Robert E. Leck, Johnnie v. Steele, and Kenneth E. Brandt,plaintiffs-appellants, v. Continental Oil Company, Defendant-appellee, 892 F.2d 68 (10th Cir. 1989)Annotate this Case
Dec. 28, 1989
Appeal From the United States District Court for the Western District of Oklahoma; Thomas R. Brett, District Judge.
John T. Edwards and Henry J. Hood of Monnet, Hayes, Bullis, Thompson & Edwards, Oklahoma City, Okl., for plaintiffs-appellants.
S. Paul Hammons of Andrews, Davis, Legg, Bixler, Milsten & Murrah, Oklahoma City, Okl., for defendant-appellee.
Before BALDOCK, BRORBY, Circuit Judges, and BURCIAGA,* District Judge.
After examining the briefs and appellate record, this panel has determined unanimously that oral argument would not materially assist the determination of this appeal. See Fed. R. App. P. 34(a); 10th Cir.R. 34.1.9. The case is therefore ordered submitted without oral argument.
Plaintiffs appealed from an order of the district court dismissing this action for lack of subject matter jurisdiction. A recitation of the facts and procedural history can be found in Leck v. Continental Oil Co., --- P.2d ----, No. 72,054 (Okla. filed Nov. 28, 1989).
Inasmuch as this action presented issues arising out of Oklahoma law, we certified the following question of law to the Oklahoma Supreme Court. See Okla.Stat. tit. 20, §§ 1601-1612 (Oklahoma Uniform Certification of Questions of Law Act).
Does the district court have subject matter jurisdiction to hear and decide an action for damages brought by mineral interest owners against the owner and operator of an oil and gas lease when the mineral interest owners allege (1) breach of contract by the operator for causing drainage of the oil and gas under their property by another oil and gas well on adjacent property also operated by the operator; (2) violation of fiduciary duties by the operator for failing to protect their correlative rights; and (3) misrepresentations by the operator to the Oklahoma Corporation Commission during a hearing on the application of the mineral interest owners to restrict the allowable production from the other oil and gas well?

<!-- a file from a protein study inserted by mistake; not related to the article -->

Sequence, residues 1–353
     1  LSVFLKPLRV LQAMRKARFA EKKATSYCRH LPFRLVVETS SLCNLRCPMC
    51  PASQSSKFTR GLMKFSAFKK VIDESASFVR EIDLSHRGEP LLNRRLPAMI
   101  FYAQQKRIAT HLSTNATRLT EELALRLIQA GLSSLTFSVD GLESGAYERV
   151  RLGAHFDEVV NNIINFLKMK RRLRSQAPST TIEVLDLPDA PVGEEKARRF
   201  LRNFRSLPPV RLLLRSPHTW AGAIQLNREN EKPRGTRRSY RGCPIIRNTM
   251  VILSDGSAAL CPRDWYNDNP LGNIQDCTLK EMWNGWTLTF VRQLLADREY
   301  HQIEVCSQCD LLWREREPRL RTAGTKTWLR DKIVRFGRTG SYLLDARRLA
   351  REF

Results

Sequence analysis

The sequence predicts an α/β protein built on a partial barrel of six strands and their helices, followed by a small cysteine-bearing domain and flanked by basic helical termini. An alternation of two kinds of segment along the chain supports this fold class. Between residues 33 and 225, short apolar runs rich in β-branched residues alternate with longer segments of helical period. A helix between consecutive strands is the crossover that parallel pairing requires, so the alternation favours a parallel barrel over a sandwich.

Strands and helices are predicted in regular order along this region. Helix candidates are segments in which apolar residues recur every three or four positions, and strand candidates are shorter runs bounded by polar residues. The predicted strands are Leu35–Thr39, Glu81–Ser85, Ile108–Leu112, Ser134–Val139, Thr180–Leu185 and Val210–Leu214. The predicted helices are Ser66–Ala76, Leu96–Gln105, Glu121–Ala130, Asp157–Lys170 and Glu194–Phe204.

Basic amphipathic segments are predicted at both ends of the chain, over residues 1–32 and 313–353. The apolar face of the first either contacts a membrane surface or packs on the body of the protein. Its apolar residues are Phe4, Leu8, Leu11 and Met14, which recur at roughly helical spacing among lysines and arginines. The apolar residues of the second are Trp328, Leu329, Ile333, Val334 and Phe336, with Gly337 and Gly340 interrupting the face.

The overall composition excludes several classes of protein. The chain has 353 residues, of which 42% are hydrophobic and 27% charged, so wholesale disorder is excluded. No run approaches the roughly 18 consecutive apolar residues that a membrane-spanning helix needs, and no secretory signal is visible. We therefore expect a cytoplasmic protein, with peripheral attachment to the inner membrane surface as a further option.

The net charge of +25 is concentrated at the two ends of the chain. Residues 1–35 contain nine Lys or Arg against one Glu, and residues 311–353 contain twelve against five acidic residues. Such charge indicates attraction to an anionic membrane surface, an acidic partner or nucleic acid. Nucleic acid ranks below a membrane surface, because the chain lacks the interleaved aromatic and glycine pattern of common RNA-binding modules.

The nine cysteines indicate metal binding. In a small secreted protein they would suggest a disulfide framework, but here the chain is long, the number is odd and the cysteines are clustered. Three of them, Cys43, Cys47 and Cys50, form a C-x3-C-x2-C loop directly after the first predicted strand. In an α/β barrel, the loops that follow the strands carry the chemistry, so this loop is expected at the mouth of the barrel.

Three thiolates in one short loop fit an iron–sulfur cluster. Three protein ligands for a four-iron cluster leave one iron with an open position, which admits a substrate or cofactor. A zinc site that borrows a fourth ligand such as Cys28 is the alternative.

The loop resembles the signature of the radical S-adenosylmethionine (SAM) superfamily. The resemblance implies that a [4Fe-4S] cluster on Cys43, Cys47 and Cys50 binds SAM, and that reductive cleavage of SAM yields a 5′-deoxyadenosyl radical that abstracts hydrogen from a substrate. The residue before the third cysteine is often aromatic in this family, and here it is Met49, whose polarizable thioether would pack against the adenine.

In a well-reasoned opinion, the details of which we will not set forth here, the Oklahoma Supreme Court answered in the affirmative for parts one and two and in the negative for part three. Leck, --- P.2d ----.
Thus, based on the Oklahoma Supreme Court's opinion, we conclude the district court erred in determining it did not have subject matter jurisdiction to resolve the issues regarding breach of contract and violation of fiduciary duties. In addition, we conclude the district court correctly determined it did not have subject matter jurisdiction to resolve the issue regarding the misrepresentations.
The judgment of the United States District Court for the Western District of Oklahoma is AFFIRMED as to the jurisdictional determination of the misrepresentation issue and REVERSED and REMANDED as to the jurisdictional determinations regarding breach of contract and violation of fiduciary duties.
The Honorable Juan G. Burciaga, United States District Judge for the District of New Mexico, sitting by designation